Open access peer-reviewed chapter

Introductory Chapter: Yeasts in Biotechnology

By Thalita Peixoto Basso, Luiz Carlos Basso and Carlos Alberto Labate

Submitted: February 13th 2019Reviewed: March 18th 2019Published: August 7th 2019

DOI: 10.5772/intechopen.85898

Downloaded: 649

1. Introduction

Yeasts are very important for many reasons. These microorganisms were the first species to be domesticated by man, although not intentionally. For millennia they were used in fermented beverages and foods without knowing their existence. Biochemistry as a science was born when physiologists looked deeper in sugar fermentation in the final of nineteenth century.

Today yeast takes a place in several fields of science and technology. As long as yeast genes and mammal cells encode very similar proteins, these microorganisms are useful as a model to understand and interpret human DNA sequences. Indeed, yeast genetic manipulation is much easier and cheaper than mammalian systems. So yeast has turned out to be a useful model for eukaryotic biology [1, 2].

Furthermore yeasts such as Saccharomyces cerevisiae, Picchia pastoris, and Schizosaccharomyces pombehave been used as model organisms to study cancer biology, including research and development of tumorigenic mechanisms and production of anticancer drugs [3].

Particularly, Saccharomyces cerevisiaeis a model organism to study epigenetic traits that can be characterized as a stably heritable phenotype resulting from changes in a chromosome without alteration in the DNA sequence. As a result of yeast small eukaryotic genome, short generation time and easy genetic manipulation [4].

Additionally yeasts are very important players in many economical relevant bioprocessing as bakery, brewery, distilling, food industry, and biofuel, leading yeasts to be considered the most explored and studied eukaryotic microorganism.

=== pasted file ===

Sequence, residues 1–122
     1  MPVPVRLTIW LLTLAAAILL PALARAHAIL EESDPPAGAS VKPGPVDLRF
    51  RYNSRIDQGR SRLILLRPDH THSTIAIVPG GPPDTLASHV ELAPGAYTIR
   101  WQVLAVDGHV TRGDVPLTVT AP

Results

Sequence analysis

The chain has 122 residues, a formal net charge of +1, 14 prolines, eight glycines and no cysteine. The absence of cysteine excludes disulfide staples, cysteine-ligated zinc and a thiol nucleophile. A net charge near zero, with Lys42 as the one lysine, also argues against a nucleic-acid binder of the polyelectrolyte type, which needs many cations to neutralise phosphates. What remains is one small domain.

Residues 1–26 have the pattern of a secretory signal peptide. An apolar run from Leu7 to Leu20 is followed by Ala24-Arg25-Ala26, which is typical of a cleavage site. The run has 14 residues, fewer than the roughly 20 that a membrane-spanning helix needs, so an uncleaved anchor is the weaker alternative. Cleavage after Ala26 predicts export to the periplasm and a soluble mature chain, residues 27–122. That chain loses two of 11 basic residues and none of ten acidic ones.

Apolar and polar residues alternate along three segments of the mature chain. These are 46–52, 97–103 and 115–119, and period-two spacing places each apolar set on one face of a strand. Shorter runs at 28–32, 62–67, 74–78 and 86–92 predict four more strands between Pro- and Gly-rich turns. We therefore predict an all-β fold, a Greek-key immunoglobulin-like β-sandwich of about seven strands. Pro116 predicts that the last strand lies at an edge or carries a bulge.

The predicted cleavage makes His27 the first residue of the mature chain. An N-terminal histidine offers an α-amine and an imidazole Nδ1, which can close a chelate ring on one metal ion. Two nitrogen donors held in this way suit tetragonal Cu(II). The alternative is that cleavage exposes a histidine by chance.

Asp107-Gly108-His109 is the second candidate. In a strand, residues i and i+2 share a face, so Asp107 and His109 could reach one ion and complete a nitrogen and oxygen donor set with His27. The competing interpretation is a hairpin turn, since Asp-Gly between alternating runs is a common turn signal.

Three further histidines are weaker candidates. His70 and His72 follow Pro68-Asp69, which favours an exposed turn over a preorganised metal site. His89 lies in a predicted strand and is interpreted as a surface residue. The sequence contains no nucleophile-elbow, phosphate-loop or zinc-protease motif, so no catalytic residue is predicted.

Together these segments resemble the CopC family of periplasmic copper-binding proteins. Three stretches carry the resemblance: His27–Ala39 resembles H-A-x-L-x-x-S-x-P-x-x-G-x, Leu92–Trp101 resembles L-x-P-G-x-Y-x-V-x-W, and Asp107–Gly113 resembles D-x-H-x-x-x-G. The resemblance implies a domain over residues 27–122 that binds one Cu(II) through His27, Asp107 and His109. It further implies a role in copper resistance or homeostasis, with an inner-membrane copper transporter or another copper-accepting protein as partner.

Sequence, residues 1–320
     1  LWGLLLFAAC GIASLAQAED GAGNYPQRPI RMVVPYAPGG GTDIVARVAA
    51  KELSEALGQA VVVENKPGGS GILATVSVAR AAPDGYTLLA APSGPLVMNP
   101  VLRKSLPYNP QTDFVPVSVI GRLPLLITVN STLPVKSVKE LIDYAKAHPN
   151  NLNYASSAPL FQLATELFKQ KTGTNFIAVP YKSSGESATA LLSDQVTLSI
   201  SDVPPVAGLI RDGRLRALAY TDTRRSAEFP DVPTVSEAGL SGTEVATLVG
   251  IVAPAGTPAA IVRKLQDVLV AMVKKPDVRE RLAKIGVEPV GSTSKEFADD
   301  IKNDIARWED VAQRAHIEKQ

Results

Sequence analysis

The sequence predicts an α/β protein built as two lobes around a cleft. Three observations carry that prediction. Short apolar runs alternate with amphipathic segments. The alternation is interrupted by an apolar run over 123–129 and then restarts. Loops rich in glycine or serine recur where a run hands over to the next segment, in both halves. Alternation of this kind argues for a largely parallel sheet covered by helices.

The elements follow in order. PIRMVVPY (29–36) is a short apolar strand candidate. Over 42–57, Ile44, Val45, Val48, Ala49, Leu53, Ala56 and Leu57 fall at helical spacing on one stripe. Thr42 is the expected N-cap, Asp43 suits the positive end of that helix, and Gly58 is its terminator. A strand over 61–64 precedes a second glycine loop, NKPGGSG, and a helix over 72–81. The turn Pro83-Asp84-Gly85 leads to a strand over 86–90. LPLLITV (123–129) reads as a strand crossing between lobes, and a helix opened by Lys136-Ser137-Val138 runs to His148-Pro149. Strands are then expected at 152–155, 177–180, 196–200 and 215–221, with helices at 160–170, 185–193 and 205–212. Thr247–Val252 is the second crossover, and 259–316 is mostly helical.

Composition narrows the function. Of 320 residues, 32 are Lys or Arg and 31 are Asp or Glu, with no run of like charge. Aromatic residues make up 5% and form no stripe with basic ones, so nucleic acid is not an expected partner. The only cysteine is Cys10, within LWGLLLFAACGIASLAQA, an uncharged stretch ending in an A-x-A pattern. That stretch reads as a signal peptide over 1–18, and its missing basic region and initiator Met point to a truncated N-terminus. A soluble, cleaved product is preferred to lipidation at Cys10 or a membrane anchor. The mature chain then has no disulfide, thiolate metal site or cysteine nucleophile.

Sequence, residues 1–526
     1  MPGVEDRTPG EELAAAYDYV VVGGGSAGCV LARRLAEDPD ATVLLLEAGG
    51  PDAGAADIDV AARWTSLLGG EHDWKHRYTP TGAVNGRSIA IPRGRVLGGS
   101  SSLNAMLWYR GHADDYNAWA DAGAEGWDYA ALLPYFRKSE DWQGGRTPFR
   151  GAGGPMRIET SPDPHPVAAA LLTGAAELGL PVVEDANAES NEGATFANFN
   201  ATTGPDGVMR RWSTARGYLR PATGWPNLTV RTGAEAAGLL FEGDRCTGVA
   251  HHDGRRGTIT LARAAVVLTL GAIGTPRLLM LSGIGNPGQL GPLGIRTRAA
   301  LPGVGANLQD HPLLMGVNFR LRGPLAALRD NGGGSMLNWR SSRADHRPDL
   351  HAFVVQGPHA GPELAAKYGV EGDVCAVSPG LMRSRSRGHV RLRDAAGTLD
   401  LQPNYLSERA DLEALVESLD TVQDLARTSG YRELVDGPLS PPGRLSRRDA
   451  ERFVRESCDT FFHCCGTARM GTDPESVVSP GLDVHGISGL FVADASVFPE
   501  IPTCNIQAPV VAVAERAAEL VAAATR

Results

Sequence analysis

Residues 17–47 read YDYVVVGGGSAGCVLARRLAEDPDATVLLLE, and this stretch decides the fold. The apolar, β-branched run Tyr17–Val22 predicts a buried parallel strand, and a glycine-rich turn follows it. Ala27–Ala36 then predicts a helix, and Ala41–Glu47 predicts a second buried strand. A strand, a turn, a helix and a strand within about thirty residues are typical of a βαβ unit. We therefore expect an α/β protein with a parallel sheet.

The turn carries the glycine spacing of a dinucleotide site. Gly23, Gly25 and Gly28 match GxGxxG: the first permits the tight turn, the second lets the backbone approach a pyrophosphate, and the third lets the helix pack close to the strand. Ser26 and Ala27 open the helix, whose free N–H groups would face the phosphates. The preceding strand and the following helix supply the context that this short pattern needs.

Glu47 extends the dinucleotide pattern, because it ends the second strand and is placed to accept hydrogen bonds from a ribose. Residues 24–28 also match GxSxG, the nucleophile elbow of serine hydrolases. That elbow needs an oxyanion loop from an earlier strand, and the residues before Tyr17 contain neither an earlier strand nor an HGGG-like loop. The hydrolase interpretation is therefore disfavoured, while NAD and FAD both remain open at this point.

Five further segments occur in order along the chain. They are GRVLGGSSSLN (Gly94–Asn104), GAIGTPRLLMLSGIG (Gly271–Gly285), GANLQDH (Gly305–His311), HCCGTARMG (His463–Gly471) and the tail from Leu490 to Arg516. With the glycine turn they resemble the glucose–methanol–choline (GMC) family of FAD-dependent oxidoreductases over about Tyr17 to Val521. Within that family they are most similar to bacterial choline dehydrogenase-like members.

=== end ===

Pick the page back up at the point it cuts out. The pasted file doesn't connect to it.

2. Yeast application

Since 8000 years ago in our history, humans have been using microorganisms to produce fermented foods and beverages. More recently chemicals and fuels have been produced by bioprocesses. The development of cell factories has been incentivized for the industrial production of new chemicals. However the development of new yeast platform cell factory is costly and time-consuming. The difficulty to develop new cell factories to produce a specific metabolite is due to metabolism which has evolved to allow cell growth and maintenance to keep homeostasis [5].

Yeasts from phyla of ascomycetes and basidiomycetes have diverse biotechnological application on food industry. They are responsible for a wide range of fermented products such as alcoholic beverages (e.g., beer, wine, and “cachaça”), fermented milk, cheese, bread, and so on. Yeast also has an application in the functional food industry as probiotics and nutraceutical products [6].

Saccharomyces cerevisiaehas been metabolically engineered for the production of first-generation and second-generation bioethanols, advanced biofuels, and chemicals [7, 8, 9, 10, 11].

Recently, new tools for genome editing as CRISPR-Cas9 technology have the advantage to allow introduction of many genes into any chromosome location [12, 13]. On the other hand, high-throughput methods as transcriptomic, proteomic, and metabolomic analyses support the introduction of metabolic pathway over cellular physiology metabolism. Indeed next-generation sequencing allows the identification of any genome modification responsible for desirable phenotype [5].


3. Conclusion

In conclusion, we believe that the yeasts are a nearly ideal model system for eukaryotic biology at the cellular and molecular level. Additionally their use in increasingly technological applications will augment the importance of yeast for human well-being.



The authors would like to acknowledge CAPES and Inter-unit Bioenergy Post Graduation Program (USP/UNESP/UNICAMP) for PNPD/CAPES postdoctoral fellowship (process number 88882.317582/2019-01), Max Feffer Laboratory from Genetic Department (ESALQ/USP), and Yeast Physiology and Fermentation Laboratory from Biological Science (ESALQ/USP).


Conflict of interest

The authors confirm there is no conflict of interest.

© 2019 The Author(s). Licensee IntechOpen. This chapter is distributed under the terms of the Creative Commons Attribution 3.0 License, which permits unrestricted use, distribution, and reproduction in any medium, provided the original work is properly cited.

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Thalita Peixoto Basso, Luiz Carlos Basso and Carlos Alberto Labate (August 7th 2019). Introductory Chapter: Yeasts in Biotechnology, Yeasts in Biotechnology, Thalita Peixoto Basso, IntechOpen, DOI: 10.5772/intechopen.85898. Available from:

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